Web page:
The most important issue occurring in chapter 12 are use of “cash collateral” and whether a secured creditor is receiving adequate protection for its claims.With respect to the former, “cash collateral” is defined as any cash proceeds stemming from a secured creditors’ collateral. The most obvious example of cash collateral in a chapter 12 case are proceeds stemming from the sale of milk or crops that act as security for a creditors’ claims. In those instances, when a secured creditor has a lien on milk production or crops “and the proceeds thereof,” the debtor has the right to sell its milk and/or crops to fund its business, but must “adequately protect” the secured creditors’ claims. In chapters 7, 11, or 13, “adequate protection” typically means the “indubitable equivalent” of the value of the property on the date the debtor entered bankruptcy. For example, if the debtor’s crops were worth $100,000 on the petition date and debtor seeks to sell all of the crops, the debtor must ensure that the creditor receives at least $100,000 from the sale.However, chapter 12 has a special provision regarding adequate protection which defines “adequate protection” as, among other things, periodic cash payments, additional/replacement liens, or, with respect to farmland, payment for the use of the land of the “reasonable rent customary in the community in which the property is located.” This provision allows the debtor to sell crops, pay a portion of the secured proceeds to its secured creditor, and retain the remainder of the proceeds to fund new crops. The same can be said of milk production.
  4. Chapter 12 Plan
    Just like in chapters 11 and 13, the goal of the bankruptcy case for the family farmer debtor is to emerge from the case by filing a chapter 12 plan. A plan is simply a document that provides for how the debtor will repay its creditors. The plan term is typically 3 to 5 years and acts as a new contract between the debtor and its creditors regarding how debts are repaid.Like in chapter 11 or chapter 13, generally speaking, secured creditors are paid the lesser of the “present day value” the collateral securing their claims or their total claim. For a plan to be confirmable by the court, the plan must provide unsecured creditors with more than they would have received had the debtor’s assets been liquidated for the benefit of creditors and must include all of the debtor’s “disposable income.” Unfortunately, with the increasing rise in secured debts that would be paid upon liquidation, unsecured creditors often receive less than 50% of their claims over 5 years through a chapter 12 plan.Chapter 12 also allows a debtor to pay its secured claims over a period of time greater than 5 years. This applies to both long-term and short-term secured debt and can even apply to debt that has fully matured prior to the bankruptcy case being filed. In many instances, a family farmer has limited income with which to pay its creditors and is forced to stretch a secured creditor’s debt repayment over many years. This often results in litigation regarding whether a plan is proposed in “good faith” and whether the plan is “feasible.”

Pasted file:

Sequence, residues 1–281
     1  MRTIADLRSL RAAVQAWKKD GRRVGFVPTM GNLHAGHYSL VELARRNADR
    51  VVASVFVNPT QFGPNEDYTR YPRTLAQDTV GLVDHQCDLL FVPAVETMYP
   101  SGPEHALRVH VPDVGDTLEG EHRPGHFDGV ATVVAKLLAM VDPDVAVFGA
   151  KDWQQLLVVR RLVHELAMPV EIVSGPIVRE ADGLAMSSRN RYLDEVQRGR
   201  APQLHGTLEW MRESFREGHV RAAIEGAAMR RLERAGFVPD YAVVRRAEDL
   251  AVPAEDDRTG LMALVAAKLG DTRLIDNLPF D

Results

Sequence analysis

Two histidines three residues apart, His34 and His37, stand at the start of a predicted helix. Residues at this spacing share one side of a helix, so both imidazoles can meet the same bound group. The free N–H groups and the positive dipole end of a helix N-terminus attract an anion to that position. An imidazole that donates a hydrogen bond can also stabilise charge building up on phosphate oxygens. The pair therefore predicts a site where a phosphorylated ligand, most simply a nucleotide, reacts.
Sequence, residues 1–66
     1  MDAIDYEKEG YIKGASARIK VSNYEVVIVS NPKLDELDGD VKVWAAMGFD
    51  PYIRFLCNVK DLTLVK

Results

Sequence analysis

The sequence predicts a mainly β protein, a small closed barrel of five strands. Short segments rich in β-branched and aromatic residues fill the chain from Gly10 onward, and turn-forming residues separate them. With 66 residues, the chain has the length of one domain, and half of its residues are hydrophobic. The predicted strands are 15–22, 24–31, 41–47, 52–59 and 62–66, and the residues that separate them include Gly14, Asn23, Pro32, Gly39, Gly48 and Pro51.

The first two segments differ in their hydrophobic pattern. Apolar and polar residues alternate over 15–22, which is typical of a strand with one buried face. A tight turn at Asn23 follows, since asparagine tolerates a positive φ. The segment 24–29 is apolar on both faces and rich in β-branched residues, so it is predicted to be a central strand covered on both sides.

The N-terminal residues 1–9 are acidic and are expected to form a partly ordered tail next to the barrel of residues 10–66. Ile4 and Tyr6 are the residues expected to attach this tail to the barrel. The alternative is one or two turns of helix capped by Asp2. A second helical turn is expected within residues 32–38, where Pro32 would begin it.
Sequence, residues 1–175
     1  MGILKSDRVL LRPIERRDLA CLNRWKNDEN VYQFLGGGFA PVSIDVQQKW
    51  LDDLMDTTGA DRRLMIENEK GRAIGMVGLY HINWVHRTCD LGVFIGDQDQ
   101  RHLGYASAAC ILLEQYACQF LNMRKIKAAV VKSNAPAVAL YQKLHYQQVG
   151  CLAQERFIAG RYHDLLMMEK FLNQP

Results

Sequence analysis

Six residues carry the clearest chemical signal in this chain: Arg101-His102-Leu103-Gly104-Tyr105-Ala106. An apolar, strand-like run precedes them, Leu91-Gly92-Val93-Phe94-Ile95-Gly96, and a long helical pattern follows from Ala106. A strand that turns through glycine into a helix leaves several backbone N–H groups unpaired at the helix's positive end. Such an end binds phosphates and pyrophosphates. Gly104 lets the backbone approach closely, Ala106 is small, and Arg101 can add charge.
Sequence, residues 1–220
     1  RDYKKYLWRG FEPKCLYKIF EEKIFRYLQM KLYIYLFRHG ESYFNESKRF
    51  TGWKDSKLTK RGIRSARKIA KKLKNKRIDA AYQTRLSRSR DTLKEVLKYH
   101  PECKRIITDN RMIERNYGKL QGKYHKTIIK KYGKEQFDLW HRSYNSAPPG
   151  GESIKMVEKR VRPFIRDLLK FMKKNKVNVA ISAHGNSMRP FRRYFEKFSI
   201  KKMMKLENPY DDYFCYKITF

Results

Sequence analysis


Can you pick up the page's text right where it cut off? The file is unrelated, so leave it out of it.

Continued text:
Family farmers are required by chapter 12 of the bankruptcy code to file a plan within 90 days of filing a bankruptcy petition. The Court may extend that period an additional 90 days (180 day total) if adequate justification is shown by the debtor. This differs from chapter 13 – where a plan must be filed with or shortly after the bankruptcy petition – and chapter 11 – where plans often aren’t required for several years.

  5. Conclusion
    Most family farmer cases fall somewhere between a simple individual bankruptcy more suited for chapter 13 and a complex corporate reorganization requiring the rules and procedures of a chapter 11 proceeding. In enacting chapter 12 of the Bankruptcy Code, Congress appears to have attempted to craft a hybrid bankruptcy; not quite as structured and restrictive as chapter 13, not quite as flexible and relaxed as chapter 11. In doing so, Congress created a system in which the debtors are given a reasonable period of time to restructure their financial position for the benefit of all creditors. Now that we have outlined the basics of chapter 12, stay tuned for the coming series of articles on the particular issues and strategies that commonly arise in family farmer bankruptcy cases.